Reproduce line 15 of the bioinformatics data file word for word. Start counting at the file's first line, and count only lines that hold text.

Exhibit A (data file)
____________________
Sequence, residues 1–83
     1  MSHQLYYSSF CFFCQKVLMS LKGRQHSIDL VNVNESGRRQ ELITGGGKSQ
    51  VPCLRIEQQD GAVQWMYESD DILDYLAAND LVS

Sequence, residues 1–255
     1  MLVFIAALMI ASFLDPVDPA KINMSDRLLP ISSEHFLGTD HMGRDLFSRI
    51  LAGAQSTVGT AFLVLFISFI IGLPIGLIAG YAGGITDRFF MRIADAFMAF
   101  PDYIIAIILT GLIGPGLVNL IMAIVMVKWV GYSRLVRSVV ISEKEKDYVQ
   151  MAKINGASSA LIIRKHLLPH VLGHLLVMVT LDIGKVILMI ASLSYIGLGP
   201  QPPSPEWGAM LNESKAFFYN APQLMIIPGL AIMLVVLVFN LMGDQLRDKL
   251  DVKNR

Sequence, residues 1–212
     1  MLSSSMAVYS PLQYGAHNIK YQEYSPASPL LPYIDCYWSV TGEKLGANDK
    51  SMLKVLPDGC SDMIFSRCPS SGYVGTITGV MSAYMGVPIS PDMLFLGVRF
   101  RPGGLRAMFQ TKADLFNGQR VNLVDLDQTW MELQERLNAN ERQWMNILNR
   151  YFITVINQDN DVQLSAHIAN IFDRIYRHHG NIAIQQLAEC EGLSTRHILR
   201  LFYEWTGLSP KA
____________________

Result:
   151  YFITVINQDN DVQLSAHIAN IFDRIYRHHG NIAIQQLAEC EGLSTRHILR